Improved Monitoring of Water Quality and Pelagic Organism Decline in the Delta with Continuous In Situ Sensor Measurements

Science Center Objects

Newly-developed, commercially-available sensors permit real-time collection of water quality data that may help identify ecosystem processes that affect the health of pelagic food webs in the Sacramento – San Joaquin Delta. In particular, the simultaneous measurement of nutrients, organic matter and algal abundance along with the basic water quality variables such as temperature and salinity - will provide clearer evidence for linkages between physical and chemical drivers and ecosystem dynamics over short time scales, as well as show how short-term events are expressed in long term trends.

Instruments on back of boat being ready to be deployed in open water.

Example instrument package for deployment at Liberty Island.

(Public domain.)

We will continuously monitor the variability of several key water quality parameters in situ at Liberty Island to 1) identify physical and hydrologic processes affecting pelagic habitat and food webs; 2) assess the importance of episodic events (type, magnitude and duration) on habitat quality and food resources, and 3) provide this data in real-time to the IEP research community for incorporation into models and comparison with other measurements (e.g. fish, zooplankton, etc.). Data of this type will allow the research and management community to link water supply, water quality, nutrient sources, and algal production to the pelagic food web in new ways. We view such data as an important component of the long term monitoring program for the Delta, and as critical for evaluating long-term trends, assessing environmental health, and evaluating the effectiveness of habitat restoration and contaminant mitigation programs.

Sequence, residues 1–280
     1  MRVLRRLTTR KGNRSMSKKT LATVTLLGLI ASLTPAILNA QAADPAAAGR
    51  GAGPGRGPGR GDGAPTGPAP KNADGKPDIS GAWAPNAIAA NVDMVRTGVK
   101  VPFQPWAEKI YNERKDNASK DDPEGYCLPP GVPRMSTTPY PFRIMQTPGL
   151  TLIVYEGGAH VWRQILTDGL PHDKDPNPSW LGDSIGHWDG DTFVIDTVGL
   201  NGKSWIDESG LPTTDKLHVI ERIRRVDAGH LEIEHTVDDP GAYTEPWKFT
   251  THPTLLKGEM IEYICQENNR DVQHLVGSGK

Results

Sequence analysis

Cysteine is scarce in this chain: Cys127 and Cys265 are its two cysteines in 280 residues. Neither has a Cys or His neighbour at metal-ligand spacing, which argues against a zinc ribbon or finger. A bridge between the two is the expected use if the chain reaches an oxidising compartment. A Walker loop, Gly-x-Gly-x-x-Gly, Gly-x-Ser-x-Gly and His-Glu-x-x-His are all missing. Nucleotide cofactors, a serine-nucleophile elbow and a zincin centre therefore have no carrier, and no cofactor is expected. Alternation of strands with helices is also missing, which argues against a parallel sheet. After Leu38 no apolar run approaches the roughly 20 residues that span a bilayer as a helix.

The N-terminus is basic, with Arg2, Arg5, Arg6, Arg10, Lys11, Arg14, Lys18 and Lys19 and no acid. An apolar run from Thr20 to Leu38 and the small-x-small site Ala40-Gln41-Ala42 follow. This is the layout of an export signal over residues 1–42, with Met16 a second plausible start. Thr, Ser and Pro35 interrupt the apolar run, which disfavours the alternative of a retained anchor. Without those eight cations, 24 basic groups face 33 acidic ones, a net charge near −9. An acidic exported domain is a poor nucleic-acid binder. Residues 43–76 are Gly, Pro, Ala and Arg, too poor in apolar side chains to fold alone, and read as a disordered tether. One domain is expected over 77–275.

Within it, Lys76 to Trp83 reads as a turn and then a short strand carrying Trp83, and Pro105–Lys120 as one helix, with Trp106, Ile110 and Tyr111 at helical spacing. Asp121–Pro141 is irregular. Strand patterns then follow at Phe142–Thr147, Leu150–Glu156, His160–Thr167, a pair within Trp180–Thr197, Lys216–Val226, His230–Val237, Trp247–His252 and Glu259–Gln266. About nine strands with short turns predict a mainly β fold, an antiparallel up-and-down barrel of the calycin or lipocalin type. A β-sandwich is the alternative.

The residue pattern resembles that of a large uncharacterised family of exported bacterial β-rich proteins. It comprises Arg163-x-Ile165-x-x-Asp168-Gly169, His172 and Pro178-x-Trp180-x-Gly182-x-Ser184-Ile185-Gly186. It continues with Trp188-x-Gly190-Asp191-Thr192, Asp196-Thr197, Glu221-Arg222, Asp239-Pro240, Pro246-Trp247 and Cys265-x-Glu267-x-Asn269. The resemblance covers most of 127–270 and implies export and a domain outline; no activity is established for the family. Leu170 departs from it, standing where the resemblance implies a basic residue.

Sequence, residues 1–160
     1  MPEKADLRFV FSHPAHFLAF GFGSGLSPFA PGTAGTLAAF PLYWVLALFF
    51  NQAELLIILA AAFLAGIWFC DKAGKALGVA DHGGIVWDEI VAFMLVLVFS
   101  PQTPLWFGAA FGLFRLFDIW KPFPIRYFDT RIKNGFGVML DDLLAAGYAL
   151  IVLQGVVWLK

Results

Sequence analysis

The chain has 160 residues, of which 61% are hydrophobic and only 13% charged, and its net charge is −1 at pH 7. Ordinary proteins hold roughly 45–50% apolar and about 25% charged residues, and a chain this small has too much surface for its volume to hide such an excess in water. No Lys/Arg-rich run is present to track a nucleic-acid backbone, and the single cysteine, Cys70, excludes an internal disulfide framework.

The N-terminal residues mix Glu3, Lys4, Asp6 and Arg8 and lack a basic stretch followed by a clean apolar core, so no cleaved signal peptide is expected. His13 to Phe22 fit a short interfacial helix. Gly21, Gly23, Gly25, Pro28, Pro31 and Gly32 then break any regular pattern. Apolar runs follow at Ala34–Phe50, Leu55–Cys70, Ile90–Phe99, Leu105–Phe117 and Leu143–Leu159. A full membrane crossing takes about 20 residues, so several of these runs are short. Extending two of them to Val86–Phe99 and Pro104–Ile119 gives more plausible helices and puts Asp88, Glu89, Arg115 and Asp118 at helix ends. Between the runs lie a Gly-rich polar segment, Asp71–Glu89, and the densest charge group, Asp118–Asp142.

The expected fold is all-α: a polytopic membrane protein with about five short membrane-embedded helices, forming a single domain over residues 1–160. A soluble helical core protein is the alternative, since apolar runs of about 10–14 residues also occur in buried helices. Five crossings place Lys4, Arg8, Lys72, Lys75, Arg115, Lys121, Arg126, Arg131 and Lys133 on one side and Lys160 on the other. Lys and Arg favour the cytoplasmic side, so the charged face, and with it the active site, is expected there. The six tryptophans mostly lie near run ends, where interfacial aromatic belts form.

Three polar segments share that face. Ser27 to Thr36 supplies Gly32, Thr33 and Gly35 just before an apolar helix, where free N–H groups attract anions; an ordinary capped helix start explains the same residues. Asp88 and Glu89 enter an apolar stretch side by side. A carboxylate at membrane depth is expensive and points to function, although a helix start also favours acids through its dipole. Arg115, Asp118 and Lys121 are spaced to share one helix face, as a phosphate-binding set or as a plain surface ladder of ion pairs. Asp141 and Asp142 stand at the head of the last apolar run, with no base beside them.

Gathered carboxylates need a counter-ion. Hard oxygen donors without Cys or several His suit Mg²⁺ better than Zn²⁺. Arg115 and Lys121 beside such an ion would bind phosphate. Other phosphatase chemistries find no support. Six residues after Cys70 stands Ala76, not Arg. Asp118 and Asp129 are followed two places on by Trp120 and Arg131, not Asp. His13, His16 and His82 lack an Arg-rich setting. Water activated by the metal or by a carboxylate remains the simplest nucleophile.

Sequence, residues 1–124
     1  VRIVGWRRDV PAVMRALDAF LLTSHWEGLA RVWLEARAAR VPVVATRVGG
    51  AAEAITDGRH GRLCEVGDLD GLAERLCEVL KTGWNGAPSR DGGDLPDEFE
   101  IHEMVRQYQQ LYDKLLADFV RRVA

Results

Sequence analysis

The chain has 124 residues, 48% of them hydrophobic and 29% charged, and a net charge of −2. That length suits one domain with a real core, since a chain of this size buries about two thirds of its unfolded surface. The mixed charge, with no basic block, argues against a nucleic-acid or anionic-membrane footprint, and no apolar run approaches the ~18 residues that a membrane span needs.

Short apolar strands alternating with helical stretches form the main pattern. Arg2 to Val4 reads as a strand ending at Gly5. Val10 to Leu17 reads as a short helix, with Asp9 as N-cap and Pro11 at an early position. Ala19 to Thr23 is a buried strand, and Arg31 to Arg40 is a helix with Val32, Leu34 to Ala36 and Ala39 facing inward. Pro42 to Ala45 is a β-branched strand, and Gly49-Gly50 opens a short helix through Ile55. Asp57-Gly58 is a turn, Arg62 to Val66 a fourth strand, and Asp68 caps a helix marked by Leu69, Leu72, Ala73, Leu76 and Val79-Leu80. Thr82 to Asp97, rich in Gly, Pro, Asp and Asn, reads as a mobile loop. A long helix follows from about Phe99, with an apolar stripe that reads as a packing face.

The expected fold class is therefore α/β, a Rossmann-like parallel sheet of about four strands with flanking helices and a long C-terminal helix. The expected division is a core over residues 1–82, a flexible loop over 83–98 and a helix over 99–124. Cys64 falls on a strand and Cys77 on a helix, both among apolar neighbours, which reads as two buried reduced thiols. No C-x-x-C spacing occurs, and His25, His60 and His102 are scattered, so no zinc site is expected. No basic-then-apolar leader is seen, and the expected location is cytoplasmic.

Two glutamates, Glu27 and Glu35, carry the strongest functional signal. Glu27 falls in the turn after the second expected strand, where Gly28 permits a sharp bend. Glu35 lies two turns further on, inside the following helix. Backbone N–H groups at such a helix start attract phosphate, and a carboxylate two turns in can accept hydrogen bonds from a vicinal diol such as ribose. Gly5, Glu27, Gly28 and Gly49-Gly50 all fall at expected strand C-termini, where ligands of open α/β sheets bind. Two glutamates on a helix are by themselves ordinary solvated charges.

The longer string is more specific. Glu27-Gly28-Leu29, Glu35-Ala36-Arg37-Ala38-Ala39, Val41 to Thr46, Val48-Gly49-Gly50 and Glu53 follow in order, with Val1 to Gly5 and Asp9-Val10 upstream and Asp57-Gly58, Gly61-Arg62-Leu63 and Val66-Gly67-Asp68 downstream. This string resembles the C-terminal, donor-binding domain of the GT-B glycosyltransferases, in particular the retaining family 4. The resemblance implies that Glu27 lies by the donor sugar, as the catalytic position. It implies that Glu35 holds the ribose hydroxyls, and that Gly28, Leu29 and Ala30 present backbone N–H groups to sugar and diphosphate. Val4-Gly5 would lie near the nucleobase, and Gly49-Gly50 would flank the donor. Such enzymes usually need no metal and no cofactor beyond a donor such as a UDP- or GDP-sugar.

We will deploy a sensor platform designed to simultaneously collect continuous (e.g. 15 minute) real-time chemical and physical measurements inter-calibrated with discrete laboratory measurements. Our design is for this platform to also serve as a testbed that can accommodate new water quality or climate sensors provided by collaborators or vendors. We propose to make continuous measurements of CDOM fluorescence, nitrate, chlorophyll-a fluorescence, turbidity, dissolved oxygen and several key ancillary parameters (specific conductance, pH, water temperature). The proposed budget allows for the addition of a wet chemical sensor for phosphate. A small buoyed platform will house the sensors along with system power and solar recharging system, master dataloggers, a telemetry system, an autosampler, and associated electrical cables. Sensors will be mounted below the platform in a submersible stainless steel cage and deployed mid-way in the water column. The goal will be to collect data through at least the end of the fiscal year to enable the collection of data across a range of hydrological and climatic conditions, and we will leverage several existing USGS studies on Liberty Island.